Getting Out of the Supplement Mindset

December 10, 2009 in Antioxidants, Diabetes, Health Claims, Nutrition by Joyce Bunderson

Before I forget, I want to be sure that you’ve all seen the new recipe contest that Dr. Grandma’s is sponsoring.  We’re giving away a Blendtec Total Countertop Blender; have you seen the crazy guy, Tom Dickson, grinding up cell phones, golf balls and guns on YouTube “Will it Blend” videos? Seriously, their blenders are the best. Good recipe creation and good luck to you to become the winner. Go to the website and sign up. Don’t worry about adding something to your holiday list; the contest doesn’t end until June 2010.

Now about the Supplement Mindset:
Norwegian researchers are helping the public see that too much of a good thing may not be so good.  In Norway where there is no supplemented folic acid, research was done with supplemental folic acid and vitamin B12 with 6,837 heart patients. After 77 months the supplemental group were 21% more likely to be diagnosed with cancer and 38% more likely to die of cancer. The experts that commented on the findings said, it’s safest to get your nutrients from food, and that high-dose supplements shouldn’t be relied on to prevent chronic disease.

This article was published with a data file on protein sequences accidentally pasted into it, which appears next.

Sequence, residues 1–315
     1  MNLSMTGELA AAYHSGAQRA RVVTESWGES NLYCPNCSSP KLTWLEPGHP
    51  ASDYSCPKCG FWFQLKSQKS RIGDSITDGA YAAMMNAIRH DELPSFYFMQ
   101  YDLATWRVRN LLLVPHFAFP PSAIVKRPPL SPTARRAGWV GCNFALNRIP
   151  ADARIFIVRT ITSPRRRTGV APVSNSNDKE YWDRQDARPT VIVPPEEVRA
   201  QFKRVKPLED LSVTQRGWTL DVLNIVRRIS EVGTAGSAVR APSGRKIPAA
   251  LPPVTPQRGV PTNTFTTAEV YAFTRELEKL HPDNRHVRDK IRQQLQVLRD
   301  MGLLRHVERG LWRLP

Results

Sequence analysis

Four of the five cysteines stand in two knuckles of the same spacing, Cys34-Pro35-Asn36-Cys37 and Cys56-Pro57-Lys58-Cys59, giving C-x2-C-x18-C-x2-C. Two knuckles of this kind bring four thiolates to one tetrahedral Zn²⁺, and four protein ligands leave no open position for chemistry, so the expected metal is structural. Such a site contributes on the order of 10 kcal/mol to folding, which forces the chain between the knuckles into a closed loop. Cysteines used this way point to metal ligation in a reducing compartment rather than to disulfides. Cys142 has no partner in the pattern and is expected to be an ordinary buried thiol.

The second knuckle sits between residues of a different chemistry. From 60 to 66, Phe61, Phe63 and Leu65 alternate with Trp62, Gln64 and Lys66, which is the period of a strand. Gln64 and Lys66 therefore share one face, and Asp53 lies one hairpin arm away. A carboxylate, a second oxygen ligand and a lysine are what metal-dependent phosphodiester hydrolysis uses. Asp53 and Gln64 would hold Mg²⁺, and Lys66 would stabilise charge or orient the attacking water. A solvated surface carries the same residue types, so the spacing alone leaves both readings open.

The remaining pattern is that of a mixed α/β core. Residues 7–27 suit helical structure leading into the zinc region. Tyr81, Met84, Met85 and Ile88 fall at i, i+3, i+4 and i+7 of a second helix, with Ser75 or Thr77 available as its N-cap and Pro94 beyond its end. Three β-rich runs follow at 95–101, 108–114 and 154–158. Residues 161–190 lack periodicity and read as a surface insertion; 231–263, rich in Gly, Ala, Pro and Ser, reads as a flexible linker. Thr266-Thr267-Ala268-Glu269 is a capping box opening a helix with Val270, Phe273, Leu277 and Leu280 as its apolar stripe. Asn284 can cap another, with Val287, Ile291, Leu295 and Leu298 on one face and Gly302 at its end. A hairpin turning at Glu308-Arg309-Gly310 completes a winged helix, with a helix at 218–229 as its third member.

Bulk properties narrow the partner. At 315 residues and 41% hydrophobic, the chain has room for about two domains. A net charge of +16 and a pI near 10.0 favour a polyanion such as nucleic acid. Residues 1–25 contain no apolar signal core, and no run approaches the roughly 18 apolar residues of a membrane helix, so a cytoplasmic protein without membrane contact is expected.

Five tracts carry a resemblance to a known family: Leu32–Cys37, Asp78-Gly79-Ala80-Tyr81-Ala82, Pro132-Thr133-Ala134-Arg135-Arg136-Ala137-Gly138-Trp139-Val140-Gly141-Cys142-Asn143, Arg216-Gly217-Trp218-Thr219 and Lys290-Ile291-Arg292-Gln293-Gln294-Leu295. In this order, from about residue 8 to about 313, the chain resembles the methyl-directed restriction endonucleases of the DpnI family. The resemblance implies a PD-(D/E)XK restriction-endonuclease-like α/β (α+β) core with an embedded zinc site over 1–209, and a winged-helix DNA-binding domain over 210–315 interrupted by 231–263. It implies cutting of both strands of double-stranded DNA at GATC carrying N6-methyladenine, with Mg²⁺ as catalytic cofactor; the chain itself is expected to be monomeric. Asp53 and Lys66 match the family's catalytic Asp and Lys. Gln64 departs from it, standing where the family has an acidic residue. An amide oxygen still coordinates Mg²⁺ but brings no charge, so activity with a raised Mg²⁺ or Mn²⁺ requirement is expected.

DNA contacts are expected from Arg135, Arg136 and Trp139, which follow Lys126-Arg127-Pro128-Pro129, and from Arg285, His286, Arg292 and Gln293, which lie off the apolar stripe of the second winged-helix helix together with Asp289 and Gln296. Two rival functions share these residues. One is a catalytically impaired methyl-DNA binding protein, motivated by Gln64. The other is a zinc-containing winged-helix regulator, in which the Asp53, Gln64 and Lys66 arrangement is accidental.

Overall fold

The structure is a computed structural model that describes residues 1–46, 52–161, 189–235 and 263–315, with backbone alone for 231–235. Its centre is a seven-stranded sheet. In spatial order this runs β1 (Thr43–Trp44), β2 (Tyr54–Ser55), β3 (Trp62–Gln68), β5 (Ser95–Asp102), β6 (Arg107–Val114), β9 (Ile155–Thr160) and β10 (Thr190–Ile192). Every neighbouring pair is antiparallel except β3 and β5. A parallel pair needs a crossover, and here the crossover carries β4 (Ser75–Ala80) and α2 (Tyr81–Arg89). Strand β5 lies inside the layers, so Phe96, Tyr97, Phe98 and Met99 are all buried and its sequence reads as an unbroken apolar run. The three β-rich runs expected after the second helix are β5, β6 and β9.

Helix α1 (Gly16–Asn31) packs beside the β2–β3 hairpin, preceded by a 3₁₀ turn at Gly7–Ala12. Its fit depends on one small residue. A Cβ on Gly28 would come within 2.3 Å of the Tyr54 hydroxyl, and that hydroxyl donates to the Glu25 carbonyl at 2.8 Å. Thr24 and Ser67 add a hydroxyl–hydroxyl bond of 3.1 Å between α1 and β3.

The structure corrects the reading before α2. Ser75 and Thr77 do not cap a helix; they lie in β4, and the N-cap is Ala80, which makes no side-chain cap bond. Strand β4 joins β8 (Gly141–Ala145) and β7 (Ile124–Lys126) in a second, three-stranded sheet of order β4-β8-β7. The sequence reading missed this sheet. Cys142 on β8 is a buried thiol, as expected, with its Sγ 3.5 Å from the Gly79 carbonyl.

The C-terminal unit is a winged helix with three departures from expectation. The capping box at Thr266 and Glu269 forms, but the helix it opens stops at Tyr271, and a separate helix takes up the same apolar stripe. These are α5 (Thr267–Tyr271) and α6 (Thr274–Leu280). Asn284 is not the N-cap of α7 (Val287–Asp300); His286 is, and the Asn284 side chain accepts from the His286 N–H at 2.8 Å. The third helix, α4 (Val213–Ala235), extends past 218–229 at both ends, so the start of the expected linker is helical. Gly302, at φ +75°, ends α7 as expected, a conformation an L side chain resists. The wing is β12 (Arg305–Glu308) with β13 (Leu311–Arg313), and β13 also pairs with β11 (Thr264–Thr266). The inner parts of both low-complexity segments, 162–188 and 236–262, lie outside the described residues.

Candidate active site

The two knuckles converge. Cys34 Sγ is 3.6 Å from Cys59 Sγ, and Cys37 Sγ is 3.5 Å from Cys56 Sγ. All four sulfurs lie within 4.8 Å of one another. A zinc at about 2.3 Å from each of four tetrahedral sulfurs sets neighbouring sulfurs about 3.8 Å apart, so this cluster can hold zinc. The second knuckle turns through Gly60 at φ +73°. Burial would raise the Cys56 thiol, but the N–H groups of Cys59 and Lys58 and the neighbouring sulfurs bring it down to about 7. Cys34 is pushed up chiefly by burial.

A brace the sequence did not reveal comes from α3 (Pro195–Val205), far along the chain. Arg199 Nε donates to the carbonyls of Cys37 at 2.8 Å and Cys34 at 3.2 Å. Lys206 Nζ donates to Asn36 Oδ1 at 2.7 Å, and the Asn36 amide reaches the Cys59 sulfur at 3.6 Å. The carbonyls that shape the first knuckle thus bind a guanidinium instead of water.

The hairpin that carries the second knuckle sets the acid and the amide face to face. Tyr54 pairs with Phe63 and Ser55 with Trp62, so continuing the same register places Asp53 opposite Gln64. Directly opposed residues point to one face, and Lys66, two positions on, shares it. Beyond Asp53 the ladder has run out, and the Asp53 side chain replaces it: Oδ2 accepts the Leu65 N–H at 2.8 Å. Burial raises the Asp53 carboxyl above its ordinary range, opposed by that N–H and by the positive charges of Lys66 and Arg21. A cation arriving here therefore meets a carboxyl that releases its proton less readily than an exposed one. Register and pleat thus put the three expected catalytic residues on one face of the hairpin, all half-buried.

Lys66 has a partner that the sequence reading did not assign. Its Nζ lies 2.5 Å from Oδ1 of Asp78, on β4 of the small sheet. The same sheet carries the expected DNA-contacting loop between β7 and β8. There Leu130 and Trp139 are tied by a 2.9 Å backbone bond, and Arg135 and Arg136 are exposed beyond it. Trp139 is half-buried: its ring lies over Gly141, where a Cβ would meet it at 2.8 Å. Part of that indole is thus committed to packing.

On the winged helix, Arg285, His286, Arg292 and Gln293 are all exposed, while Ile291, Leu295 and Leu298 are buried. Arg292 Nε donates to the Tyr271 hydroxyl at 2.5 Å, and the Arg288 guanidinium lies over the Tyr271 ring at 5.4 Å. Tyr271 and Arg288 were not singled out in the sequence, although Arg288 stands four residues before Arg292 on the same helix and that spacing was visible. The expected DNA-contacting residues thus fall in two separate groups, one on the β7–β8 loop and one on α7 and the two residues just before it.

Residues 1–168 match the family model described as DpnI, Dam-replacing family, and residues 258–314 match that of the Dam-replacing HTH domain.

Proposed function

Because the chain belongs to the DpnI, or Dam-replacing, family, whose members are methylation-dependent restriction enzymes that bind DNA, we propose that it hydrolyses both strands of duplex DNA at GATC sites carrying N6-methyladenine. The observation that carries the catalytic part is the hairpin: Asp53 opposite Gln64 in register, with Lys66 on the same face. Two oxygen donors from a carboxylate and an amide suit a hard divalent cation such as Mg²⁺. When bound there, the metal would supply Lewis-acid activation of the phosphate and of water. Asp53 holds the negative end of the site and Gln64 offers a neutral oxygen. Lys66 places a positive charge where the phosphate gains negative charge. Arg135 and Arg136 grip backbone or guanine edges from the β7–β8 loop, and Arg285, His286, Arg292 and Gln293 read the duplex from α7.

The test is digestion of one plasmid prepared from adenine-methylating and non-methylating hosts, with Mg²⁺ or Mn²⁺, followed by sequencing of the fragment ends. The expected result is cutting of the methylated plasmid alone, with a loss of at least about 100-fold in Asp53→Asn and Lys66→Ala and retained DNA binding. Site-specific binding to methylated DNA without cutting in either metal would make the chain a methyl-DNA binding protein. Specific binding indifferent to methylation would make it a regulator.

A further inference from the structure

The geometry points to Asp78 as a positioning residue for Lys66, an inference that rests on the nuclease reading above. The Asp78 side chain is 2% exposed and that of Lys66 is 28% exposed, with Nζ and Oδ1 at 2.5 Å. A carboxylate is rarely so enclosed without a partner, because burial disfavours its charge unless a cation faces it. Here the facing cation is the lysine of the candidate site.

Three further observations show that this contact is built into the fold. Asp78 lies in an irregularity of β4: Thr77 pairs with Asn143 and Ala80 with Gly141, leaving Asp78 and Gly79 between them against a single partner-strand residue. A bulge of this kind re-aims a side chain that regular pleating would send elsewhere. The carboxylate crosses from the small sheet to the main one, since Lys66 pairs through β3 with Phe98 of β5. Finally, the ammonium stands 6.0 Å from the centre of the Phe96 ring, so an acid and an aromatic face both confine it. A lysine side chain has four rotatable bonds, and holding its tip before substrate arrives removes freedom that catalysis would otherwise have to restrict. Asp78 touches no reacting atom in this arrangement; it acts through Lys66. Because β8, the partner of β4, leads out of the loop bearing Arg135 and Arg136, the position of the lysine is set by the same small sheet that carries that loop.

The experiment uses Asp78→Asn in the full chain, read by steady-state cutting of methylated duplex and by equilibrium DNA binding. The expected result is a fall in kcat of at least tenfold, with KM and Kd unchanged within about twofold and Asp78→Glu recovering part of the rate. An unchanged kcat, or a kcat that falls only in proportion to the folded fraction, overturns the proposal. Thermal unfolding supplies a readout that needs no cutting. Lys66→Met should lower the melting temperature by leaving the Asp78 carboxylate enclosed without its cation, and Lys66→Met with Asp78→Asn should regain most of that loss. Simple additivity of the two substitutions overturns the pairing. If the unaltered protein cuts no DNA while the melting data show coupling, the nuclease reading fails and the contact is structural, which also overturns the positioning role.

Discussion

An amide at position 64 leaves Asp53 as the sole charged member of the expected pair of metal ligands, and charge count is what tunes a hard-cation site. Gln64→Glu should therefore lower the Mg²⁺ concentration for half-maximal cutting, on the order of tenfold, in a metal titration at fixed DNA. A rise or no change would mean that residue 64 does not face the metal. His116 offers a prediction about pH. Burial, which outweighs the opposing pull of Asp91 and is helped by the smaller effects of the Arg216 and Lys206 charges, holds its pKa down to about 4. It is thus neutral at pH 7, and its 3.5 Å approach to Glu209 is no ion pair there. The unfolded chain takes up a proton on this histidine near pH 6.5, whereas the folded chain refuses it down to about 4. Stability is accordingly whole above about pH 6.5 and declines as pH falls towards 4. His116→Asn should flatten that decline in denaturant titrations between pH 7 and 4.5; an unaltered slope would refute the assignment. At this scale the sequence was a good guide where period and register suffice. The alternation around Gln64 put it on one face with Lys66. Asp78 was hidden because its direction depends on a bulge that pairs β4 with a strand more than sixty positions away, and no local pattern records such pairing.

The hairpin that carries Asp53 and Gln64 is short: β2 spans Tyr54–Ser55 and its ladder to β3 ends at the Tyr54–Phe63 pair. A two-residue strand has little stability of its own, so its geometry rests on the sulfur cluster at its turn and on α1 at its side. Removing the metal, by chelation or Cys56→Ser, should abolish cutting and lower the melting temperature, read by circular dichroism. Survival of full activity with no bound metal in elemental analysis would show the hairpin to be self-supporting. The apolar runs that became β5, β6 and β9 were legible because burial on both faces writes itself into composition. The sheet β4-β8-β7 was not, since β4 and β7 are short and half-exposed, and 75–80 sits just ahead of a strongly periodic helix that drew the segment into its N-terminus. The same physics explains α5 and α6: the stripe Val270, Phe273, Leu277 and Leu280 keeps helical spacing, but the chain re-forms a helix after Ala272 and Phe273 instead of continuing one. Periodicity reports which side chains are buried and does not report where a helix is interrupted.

A new multi-national study of 1042 participants found that high blood levels of selenium increases the LDL (harmful portion) cholesterol and total cholesterol, but not the HDL (beneficial portion) and in addition, those with metabolic issues like diabetes, may have additional risk with high selenium status.

Because the supplement industry is promoting the use of selenium for its antioxidant benefits and possible anti-cancer properties many people are adding selenium to their supplement cocktails.  The researchers in the study say, “We believe that the widespread use of selenium supplements, or of any other strategy that artificially increases selenium status above the level required, is unwarranted at the present time.”

There may be a benefit of the natural selenium in food in reducing the risk of cancer, but you may increase the risk of heart disease and diabetes in the process.  Selenium is commonly found in nuts, tuna, beef, cod, turkey, chicken, pasta, eggs, cottage cheese, oatmeal, rice, bread and cheese, to name a few – a fairly widespread availability.

The bottom line is and continues to be: Supplements are not harmless and just because a nutrient in a food is shown to be beneficial, it does not safely translate into taking high amounts of that nutrient.

They don't flock trees for Christmas in the mountain west.

They don't flock trees for Christmas in the mountain west.

Can you see my Canadian-born neighbor walking up the street?

Can you see my Canadian-born neighbor walking up the street?

Why Native So. Californian, Dr. Grandma walks on a treadmill.

Why Native So. Californian, Dr. Grandma Walks on a Treadmill.